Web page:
1st Sub HB 169, sponsored by Rep. Knotwell, passed the full House. I opposed this legislation. It reduces the fees that Energy Solutions pays for the Permitting and Inspection Program run by the Department of Environmental Quality, and instead requires that taxpayers pay these costs - to the tune of $1.7 million per year. While Energy Solutions claims they need this reduction to remain competitive, I cannot support this corporate tax break. 

This bill passed the House by a vote of 61 to 11. You can track the status and find the bill text here.

HB 205: Down Syndrome Nondiscrimination Abortion Act

HB 205, sponsored by Rep. Lisonbee, passed the House by a vote of 54 to 17. I voted against this legislation. This legislation restricts medical doctors in Utah from performing abortions when a pregnant person seeks the procedure due to a prenatal diagnosis of Down syndrome. I have a number of objections to this legislation. In addition, I was particularly concerned about the process limiting debate. It was introduced just as we were supposed to end our time as a full House to debate bills and we all needed to get to our committees, where the public was waiting to testify on legislation. After HB 205 was introduced, we considered one substitute bill, which did not pass. When it came time to debate the actual bill, no one was allowed to speak against HB 205, which I had planned to do.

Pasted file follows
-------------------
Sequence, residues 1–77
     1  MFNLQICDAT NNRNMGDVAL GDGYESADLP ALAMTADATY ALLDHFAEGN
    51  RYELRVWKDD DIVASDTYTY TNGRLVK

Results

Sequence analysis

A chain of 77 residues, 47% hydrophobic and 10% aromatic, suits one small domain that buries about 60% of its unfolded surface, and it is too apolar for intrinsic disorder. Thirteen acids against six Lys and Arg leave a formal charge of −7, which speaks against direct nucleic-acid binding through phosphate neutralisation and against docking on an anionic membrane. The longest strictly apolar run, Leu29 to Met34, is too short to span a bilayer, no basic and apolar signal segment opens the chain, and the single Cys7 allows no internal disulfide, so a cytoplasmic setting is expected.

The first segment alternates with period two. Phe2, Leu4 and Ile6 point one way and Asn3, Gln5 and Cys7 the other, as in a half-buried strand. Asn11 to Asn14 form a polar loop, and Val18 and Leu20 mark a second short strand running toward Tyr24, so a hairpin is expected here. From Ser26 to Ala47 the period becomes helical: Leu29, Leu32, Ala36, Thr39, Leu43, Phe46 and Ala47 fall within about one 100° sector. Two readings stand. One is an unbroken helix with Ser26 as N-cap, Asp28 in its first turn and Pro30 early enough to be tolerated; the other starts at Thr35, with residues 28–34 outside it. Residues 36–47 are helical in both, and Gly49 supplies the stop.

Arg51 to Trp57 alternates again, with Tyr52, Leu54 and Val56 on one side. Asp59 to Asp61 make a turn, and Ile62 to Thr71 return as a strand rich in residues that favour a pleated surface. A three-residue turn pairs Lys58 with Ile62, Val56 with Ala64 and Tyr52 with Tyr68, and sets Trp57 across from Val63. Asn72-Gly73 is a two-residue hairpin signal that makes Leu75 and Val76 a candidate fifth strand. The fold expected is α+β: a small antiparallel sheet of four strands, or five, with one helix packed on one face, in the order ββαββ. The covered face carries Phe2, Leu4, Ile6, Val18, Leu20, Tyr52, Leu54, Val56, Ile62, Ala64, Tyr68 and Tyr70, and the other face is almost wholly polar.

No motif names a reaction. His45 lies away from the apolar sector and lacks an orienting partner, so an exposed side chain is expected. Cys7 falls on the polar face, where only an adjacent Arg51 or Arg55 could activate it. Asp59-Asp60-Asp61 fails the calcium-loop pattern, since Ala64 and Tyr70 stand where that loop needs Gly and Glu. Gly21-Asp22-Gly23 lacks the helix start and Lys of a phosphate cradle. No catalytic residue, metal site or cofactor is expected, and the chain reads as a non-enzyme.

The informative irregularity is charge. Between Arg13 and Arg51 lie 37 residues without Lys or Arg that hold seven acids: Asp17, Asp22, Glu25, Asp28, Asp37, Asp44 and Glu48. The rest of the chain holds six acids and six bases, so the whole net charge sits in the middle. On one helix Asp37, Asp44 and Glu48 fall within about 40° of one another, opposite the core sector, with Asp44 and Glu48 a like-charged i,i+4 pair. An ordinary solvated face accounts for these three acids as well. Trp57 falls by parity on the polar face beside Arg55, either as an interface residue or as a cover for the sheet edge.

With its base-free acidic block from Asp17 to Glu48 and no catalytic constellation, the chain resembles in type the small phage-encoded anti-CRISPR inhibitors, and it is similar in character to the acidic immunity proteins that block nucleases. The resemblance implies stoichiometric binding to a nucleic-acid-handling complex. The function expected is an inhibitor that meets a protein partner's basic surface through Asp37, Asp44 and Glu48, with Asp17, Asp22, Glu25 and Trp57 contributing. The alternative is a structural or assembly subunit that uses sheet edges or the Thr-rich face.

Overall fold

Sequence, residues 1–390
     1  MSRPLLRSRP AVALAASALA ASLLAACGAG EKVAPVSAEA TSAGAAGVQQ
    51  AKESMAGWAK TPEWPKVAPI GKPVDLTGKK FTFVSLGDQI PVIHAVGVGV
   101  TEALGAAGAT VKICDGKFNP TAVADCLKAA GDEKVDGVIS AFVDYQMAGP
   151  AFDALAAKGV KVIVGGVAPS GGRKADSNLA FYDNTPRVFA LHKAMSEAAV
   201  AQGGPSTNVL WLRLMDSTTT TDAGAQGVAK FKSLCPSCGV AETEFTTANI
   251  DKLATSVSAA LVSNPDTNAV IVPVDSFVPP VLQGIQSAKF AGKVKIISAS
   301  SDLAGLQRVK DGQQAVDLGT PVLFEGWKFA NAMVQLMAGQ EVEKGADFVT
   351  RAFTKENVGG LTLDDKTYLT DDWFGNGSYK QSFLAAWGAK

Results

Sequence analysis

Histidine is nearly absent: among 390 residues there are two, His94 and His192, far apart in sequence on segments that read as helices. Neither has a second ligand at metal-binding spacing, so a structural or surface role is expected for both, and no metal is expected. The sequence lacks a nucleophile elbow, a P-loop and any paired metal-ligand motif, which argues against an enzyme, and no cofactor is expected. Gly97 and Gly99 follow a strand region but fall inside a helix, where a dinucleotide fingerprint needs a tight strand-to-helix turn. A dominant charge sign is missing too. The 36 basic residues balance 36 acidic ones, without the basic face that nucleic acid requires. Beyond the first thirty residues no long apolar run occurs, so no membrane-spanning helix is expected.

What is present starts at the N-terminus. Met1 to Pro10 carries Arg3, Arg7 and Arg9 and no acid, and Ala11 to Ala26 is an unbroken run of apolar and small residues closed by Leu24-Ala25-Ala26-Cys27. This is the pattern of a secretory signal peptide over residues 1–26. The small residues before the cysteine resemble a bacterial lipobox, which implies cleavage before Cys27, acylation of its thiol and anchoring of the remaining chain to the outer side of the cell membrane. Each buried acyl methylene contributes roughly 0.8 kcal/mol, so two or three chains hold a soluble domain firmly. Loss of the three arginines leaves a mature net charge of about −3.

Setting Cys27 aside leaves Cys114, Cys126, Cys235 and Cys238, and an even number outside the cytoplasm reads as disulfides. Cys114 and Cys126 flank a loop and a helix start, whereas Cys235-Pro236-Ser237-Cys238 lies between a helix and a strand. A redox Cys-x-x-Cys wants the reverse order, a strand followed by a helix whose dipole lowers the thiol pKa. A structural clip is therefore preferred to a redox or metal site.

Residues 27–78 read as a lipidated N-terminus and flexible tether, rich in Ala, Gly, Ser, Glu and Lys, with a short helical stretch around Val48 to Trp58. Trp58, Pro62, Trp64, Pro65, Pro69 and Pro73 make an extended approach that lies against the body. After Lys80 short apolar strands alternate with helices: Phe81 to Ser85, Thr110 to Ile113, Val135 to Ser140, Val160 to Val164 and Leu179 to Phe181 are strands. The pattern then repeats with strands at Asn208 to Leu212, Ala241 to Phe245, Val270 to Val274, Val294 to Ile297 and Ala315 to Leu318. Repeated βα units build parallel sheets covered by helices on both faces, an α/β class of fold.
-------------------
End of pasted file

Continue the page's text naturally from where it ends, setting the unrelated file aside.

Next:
The Legislature's General Counsel office carefully examined this bill and attached a review note on HB 205 saying it was highly probable the legislation would be declared unconstitutional. Unfortunately, no one could address this issue in the House debate before the vote took place.

You can track the status and find the bill text here.

Town Hall Meeting Report

 Sen. Zehnder, Sen. Iwamoto, Rep. Arent, Rep. Moss, Rep. Poulson, and Doug Wright

Sen. Zehnder, Sen. Iwamoto, Rep. Arent, Rep. Moss, Rep. Poulson, and Doug Wright

It was great to see so many of you last week at the Town Hall Meeting that I hosted with Sen. Iwamoto, Sen. Zehnder, Rep. Moss and Rep. Poulson. It is always wonderful to meet with constituents who care about our community. The state legislative issues we discussed included efforts to improve air quality and education, vehicle fees, public initiatives and the need to protect our national monuments.